Gloucester Citizen, October 1927: "FLYING! Western Aviation Ltd. are giving passenger flights from 5s. each at Castle Meads Daily until October 17th. On Sunday afternoon, in addition to the usual passenger flights, a spectacular exhibition of stunt flying will be given. Admission to Field 6d.; Children Half-price.

    Cheltenham Chronicle - Saturday 11 April 1931: "WETTEST EASTER FOR YEARS. In spite of the moist conditions and poor visibility the Western Aviation aeroplane giving flights from Kayte Farm seems to have been busy, and has often been seen flying over the town."


    Avro 504K G-EBQR;

    - Avro 504K G-EBXV

  • -Company - Wight Aviation Ltd

     Wight Aviation Ltd

    1930 - 1932

    May 1930: "THE ISLE OF WIGHT FLYING CLUB cordially invite all members of Light 'Plane Clubs, private owners, and others concerned with aviation, to attend at their Air Pageant, to be held at Shanklin Aerodrome, on Thursday, June 12, at 2 15 p.m., on the occasion of the official opening of the Club
    by Air Vice-Marshal Sir Sefton Brancker.

    Joy-riding will be carried out throughout the meeting by Wight Aviation, Ltd."

    "Capt. Ward who, together with his pilot, Mr. Woodward, runs Wight Aviation, Ltd., and is the founder of the Isle of Wight Flying Club, is to be congratulated on initiating the meeting"


    - 1930 Simmonds Spartan G-ABNU owned by Capt R Ward

  • -Company - Zenith Airways

     Zenith Airways

    Based in Rhyl 1935; Camber Sands, nr Rye, 1936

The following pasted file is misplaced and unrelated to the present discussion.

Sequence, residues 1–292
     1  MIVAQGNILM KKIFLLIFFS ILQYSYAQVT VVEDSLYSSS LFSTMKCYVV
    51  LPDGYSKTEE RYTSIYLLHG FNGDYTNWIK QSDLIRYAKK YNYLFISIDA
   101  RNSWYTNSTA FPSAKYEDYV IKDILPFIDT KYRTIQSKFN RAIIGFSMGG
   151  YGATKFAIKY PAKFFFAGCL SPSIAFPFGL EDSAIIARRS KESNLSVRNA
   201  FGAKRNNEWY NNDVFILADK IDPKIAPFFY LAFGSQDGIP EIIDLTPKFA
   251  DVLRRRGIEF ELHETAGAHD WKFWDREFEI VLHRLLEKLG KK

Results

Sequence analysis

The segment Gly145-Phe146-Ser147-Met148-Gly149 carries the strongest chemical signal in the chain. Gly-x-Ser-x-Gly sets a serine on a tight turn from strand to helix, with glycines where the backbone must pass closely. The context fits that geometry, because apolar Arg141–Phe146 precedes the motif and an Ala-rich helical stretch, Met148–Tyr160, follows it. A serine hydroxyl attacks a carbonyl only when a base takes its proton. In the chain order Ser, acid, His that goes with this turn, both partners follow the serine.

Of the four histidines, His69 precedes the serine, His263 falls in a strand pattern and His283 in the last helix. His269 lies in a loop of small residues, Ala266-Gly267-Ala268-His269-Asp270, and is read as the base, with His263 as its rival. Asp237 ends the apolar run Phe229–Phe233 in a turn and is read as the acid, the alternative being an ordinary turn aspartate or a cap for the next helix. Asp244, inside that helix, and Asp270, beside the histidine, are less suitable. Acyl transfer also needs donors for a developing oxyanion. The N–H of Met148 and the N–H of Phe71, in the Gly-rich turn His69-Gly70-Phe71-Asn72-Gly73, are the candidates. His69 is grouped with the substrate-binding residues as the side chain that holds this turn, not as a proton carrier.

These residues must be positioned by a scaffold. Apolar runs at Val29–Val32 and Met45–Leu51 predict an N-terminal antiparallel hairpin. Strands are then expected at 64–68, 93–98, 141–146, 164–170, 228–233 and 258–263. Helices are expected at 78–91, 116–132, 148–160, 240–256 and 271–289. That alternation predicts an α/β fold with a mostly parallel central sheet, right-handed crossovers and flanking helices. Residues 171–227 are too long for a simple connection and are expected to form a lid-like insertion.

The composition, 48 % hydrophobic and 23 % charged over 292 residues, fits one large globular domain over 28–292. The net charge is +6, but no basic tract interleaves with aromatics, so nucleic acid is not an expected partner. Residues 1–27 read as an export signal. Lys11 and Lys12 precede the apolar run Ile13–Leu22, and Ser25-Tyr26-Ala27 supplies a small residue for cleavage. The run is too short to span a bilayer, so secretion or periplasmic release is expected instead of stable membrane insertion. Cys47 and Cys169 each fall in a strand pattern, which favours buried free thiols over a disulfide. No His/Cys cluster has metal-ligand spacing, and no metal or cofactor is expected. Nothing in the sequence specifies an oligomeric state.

May 1935, Flight: "ZENITH AIRWAYS LTD.: Private company, registered May 3. Capital:  £1,000 in 5/- shares. Objects: to operate all methods of aerial conveyance ; manufacturers and repairers of and dealers in all types of aircraft, etc. The subscribers  (each with four shares) are Herbert D. Ward, "Belvedere," Thames Drive. Leighon-Sea. Essex ; Geo. T. Butler. The first directors are to be appointed by the  subscribers."

    March 1951, Stuart Campbell Brander, writing in Flight: "More so, perhaps, than any other veteran type at last year's R.A.F. Display, the Avro 504 must have brought acute attacks of nostalgia to many spectators. Hundreds of Service pilots received their ab initio training on this endearing type, and there are many others who were once engaged in the joy-riding or circus business (or, as some would have it, "racket"): that fraternity of pilots who, throughout the summer months, persuaded their 504s out of incredibly small fields and, after completing the required circuit, gracefully "swish-tailed" in to a brakeless landing.

    My last engagement as a ground engineer on a rotary-engined 504 was in the early summer of 1935 at Camber Sands, near Rye. Later that year I joined Sir Alan Cobham's circus, whose fleet of 504N Avros were, of course, radial-engined.